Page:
Fedora 11 Beta:
When Fedora 10 was released, users and press alike gushed: "Slick and stable... has a rock solid feel." "Fast and easy." "A great release." What's next for the free operating system that shows off the best new technology of tomorrow? You can find out at:
We also hope to repeat the crazy success of Fedora 10's Beta contest! Test five things in the Beta that are important to you as a user. If you find a bug *and* report it, you get the free attention of a package maintainer on a problem personally important to you! Do your part to make Fedora 11 that much better.
Among the top features of this ground-breaking release:
- Automatic Fonts & Mime Installer - Allows programs on the desktop to automatically install applications, fonts, multimedia capabilities, and clipart.
- Fingerprint Readers - Better experience for systems with fingerprint readers, including support through the graphical Authentication Configuration tool and gnome-about-me.
- Intel, ATI, and Nvidia kernel modesetting - Fedora 10 provided the first steps by a major distribution in using the kernel modesetting (KMS) feature to speed up graphical boot. Fedora 11 has increased the video card coverage of the KMS feature, with more to come.
- Virt Console - Fedora 11 provides more accurate mouse pointer positioning and higher screen resolutions for virtual machine consoles, along with other improvements such as simpler use of USB devices.
- MinGW Cross-compiler - Build and test full-featured Microsoft Windows programs, from the comfort of a Fedora system, without needing to use that "other OS."
- Volume Control - The multimedia experience of Fedora users is improved by an easily understandable and much more flexible volume control.
But wait, there's more! For developers there are all sorts of goodies:
- Python 2.6 - This new version in Fedora is a precursor to Python 3000 (3.0), including many compatibility measures to help developers get their code prepared for the next generation of Python.
- gcc 4.4 - The gcc compiler suite has been updated to the latest version, featuring better error detection for the latest in safety and execution.
- Eclipse profiling tools - Add the power of various native profiling tools into the Eclipse IDE and integrate with the rest of the development environment.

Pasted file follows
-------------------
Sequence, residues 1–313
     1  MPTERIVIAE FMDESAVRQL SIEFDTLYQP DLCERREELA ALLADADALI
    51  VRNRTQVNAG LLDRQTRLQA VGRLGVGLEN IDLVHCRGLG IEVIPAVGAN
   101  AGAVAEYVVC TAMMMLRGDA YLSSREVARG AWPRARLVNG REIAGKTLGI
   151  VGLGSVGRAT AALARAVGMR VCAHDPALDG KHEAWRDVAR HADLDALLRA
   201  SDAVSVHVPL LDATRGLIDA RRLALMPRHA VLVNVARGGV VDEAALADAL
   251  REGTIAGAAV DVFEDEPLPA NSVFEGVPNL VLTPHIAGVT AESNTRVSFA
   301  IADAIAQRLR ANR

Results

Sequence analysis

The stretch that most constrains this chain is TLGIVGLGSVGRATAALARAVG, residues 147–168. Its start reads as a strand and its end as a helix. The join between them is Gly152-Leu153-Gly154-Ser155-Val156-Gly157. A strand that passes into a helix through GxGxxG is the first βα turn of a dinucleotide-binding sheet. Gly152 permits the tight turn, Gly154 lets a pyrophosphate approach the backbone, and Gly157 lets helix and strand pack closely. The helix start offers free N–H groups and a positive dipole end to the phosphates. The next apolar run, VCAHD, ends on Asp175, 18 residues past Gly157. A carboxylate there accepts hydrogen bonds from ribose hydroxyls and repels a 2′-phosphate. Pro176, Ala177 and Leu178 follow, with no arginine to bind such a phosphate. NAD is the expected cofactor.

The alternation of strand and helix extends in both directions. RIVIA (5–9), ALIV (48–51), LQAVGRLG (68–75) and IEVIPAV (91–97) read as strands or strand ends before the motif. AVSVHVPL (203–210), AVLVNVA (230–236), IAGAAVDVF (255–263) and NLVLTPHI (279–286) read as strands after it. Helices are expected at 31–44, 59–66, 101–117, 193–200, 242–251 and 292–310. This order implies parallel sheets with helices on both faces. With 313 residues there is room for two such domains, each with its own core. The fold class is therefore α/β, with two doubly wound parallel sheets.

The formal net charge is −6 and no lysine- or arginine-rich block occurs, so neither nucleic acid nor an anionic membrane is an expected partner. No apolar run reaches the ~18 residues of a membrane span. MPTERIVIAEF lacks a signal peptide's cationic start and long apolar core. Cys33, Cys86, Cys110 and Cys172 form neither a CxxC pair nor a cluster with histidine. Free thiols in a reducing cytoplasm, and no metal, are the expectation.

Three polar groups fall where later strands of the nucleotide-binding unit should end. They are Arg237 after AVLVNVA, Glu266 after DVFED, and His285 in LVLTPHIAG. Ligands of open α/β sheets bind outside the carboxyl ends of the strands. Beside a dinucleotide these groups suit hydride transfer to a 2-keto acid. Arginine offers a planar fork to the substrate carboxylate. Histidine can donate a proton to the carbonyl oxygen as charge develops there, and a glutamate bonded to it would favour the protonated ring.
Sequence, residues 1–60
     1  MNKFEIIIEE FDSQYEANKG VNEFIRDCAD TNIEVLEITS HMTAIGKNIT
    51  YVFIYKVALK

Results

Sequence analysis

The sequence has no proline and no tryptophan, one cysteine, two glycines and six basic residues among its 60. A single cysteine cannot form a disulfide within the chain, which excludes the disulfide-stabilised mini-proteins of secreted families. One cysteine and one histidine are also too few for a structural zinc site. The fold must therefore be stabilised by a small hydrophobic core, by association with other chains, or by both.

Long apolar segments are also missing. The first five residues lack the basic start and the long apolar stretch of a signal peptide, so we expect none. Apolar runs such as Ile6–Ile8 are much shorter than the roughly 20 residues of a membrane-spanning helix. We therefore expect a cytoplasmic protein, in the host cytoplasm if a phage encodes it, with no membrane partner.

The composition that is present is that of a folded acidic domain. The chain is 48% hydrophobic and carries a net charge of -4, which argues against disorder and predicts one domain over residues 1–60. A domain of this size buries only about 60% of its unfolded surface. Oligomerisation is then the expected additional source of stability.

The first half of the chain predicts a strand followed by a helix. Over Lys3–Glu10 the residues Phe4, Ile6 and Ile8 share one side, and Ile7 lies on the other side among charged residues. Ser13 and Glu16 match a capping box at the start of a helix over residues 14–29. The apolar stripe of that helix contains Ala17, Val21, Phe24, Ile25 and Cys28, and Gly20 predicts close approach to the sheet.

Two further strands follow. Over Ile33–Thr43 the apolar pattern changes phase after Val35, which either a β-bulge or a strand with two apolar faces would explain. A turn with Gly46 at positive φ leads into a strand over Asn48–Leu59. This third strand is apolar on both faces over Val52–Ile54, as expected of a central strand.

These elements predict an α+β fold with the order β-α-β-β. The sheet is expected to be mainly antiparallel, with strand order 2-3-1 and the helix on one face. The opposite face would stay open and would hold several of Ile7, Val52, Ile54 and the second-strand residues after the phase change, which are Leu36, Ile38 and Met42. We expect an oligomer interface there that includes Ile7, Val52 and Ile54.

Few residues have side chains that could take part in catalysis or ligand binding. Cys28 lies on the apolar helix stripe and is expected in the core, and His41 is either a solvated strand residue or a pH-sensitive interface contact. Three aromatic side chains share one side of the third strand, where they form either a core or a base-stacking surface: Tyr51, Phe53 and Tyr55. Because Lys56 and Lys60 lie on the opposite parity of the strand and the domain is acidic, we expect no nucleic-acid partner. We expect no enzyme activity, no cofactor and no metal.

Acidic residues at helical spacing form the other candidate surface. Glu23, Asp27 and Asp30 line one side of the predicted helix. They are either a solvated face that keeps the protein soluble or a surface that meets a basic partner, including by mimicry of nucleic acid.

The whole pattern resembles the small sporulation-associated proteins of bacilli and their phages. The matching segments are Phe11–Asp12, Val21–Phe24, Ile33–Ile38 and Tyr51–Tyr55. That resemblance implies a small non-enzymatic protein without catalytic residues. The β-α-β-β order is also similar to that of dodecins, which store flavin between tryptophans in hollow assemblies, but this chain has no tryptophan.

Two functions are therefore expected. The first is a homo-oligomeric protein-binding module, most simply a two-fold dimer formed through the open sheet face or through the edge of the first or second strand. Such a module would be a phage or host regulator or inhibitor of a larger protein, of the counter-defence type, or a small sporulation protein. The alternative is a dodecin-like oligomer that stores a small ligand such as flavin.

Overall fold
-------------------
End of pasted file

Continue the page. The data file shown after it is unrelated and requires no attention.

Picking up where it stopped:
Peek under the hood and there is still more:
- Desktop Environments - Updates to Gnome 2.26 and KDE 4.2.1 bring the latest innovations and functionality to desktop users. Xfce and Sugar have also been updated.
- Anaconda Storage - New storage code for the Anaconda installer improves the ability to handle new types of storage. The rewrite does not change the user interface.
- Minimal Platform - New installer features make it much easier to create very small installations for embedded applications, such as for a server or desktop appliance.
- Control groups - Allows system administrator to partition the system resources into different sub groups, and dedicate these sub groups resources to different applications' need.
- DeviceKit - A simple, modular system service to manage devices and designed to partially replace HAL. Users gain a graphical disk management application that integrates nicely into the desktop.
- DNS Security - DNSSEC (DNS SECurity) is a mechanism that can prove integrity and authenticity of DNS data.
- ext4 filesystem - ext4 is the new default file system for Fedora 11 (replacing ext3) allowing for larger file system support and better performance by providing real-time fragmentation prevention and smarter data allocations.
- sVirt MAC - sVirt integrates SELinux with the Fedora virtualization stack to allow Mandatory Access Control (MAC) security be applied to guest virtual machines
- Power Management - Fedora 11 includes new power monitoring utilities and a new system daemon that automatically adjusts power settings to reflect the current system use. There is also a facility to review the system and make suggestions on improving power consumption.
- IBus input method - Ibus has been rewritten in C, and provides a simple, clean default system for changing the way international users input information into a Fedora system.
And that is only the beginning. A more complete list and details of each new cited feature is available:
For release information, including common and known bugs, please refer to the release notes:
Since this is a Beta release, there may still be some rough spots still in the polishing phase. Some of them are already known and in the process of fixing. If you find a problem, please check the list of known issues and then file a bug: